UCSB Political Scientist Elected to National Academy of Education

Lorraine McDonnell, professor of political science at UC Santa Barbara, has been elected to the National Academy of Education (NAEd). She is the only scholar from UCSB who is currently a member of the prestigious organization.

McDonnell holds three degrees in political science, including a bachelor's degree from UC Berkeley and master's and doctorate degrees from Stanford University. Before joining the faculty at UCSB, she served as a senior political scientist at the RAND Corporation where she led research projects on the implementation of state and federal education policies, the political role of teacher unions, and the design of educational accountability systems.

She is the author of several books, including "Politics, Persuasion, and Educational Testing (Harvard University Press, 2004), which focuses on the politics of student testing. Currently, she is working with Stephen Weatherford on research that examines U.S. presidential leadership in economic policy.

"This is a very meaningful recognition by her peers of Professor McDonnell's exceptional scholarship and national leadership on education issues," said UCSB Chancellor Henry T. Yang. "Her election to the National Academy of Education is yet another affirmation of her excellence as a researcher, teacher, and mentor, as well as her commitment to helping our society by advancing our understanding of education policy and its implications for learning and accountability. Our entire campus community takes great pride in her achievements and contributions."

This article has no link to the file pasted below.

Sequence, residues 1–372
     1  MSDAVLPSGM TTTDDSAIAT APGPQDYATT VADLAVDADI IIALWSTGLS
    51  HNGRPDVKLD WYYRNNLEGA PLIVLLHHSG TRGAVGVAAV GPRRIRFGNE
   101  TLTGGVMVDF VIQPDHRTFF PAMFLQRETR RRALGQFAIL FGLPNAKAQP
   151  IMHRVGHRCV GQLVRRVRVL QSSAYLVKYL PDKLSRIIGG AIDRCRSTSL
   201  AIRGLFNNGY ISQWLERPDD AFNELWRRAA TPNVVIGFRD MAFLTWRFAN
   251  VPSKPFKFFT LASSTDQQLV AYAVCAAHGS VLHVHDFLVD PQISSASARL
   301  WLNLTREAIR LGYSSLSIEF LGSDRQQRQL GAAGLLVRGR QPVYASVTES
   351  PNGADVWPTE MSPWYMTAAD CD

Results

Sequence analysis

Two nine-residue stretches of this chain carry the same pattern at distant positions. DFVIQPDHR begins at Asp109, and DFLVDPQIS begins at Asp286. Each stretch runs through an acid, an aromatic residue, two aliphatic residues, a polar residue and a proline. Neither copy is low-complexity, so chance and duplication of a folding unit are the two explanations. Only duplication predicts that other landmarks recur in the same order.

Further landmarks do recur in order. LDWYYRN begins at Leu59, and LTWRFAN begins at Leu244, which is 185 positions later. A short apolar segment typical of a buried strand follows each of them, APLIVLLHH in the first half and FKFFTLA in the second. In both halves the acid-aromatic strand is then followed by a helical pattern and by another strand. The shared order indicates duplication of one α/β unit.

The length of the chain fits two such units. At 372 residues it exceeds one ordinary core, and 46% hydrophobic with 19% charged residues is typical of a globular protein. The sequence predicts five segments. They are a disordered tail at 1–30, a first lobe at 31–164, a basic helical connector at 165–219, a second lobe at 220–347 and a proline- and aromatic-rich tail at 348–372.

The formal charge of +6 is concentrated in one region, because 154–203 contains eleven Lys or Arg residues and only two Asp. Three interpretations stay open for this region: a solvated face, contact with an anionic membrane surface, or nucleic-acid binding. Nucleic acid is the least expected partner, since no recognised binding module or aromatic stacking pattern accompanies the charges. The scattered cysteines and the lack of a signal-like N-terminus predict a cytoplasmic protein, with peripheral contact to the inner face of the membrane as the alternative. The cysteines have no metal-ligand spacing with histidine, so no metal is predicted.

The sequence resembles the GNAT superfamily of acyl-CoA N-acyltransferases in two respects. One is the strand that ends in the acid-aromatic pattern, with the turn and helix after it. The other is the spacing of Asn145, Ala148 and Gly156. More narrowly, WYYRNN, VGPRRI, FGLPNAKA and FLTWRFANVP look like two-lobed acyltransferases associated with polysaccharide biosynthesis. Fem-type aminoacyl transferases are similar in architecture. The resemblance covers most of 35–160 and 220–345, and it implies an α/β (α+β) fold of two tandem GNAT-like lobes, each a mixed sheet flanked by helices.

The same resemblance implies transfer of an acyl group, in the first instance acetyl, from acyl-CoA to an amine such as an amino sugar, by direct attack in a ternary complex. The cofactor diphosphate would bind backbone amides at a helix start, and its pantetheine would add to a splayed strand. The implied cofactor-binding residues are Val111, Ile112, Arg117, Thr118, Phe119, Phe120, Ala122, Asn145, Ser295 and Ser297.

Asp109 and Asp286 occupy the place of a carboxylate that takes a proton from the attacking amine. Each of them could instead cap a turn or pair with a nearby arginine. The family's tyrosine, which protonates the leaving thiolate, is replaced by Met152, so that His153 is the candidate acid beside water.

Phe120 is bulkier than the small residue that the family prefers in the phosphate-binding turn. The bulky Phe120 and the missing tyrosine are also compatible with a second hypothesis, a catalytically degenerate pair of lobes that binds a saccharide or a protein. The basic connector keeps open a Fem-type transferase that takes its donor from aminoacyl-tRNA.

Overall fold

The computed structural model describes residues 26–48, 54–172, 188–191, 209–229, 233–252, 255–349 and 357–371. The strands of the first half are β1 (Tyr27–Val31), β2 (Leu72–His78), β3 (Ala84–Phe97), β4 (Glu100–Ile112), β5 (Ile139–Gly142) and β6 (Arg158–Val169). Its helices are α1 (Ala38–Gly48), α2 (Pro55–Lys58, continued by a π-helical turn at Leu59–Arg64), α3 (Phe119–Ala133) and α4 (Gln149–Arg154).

McDonnell, who was appointed a national associate of the National Academy of Sciences in 2003, currently serves as president of the American Educational Research Institute. In addition, she is a member of the Advisory Committee for the National Research Council's Division of Behavioral and Social Sciences and Education. She was a member of the NRC's Board on Testing and Assessment for seven years, and has served as a member of six NRC committees related to education, including those that address testing, students with disabilities, and adult literacy. She also served as co-chair of the NRC committee on the redesign of the United States naturalization test.

Said John Woolley, professor and chair of political science at UCSB, about McDonnell's election to the NAEd: "This is another well-deserved recognition for an exceptional scholar who has long been a national leader in education research and policy."

Founded in 1965, the NAEd advances the highest quality education research and its use in policy formation and practice. The academy consists of 200 U.S. members and 25 foreign associates who are elected on the basis of outstanding scholarship or contributions to education. Since its establishment, the academy has undertaken numerous commissions and study panels, which typically include both NAEd members and other scholars with expertise in a particular area of inquiry.

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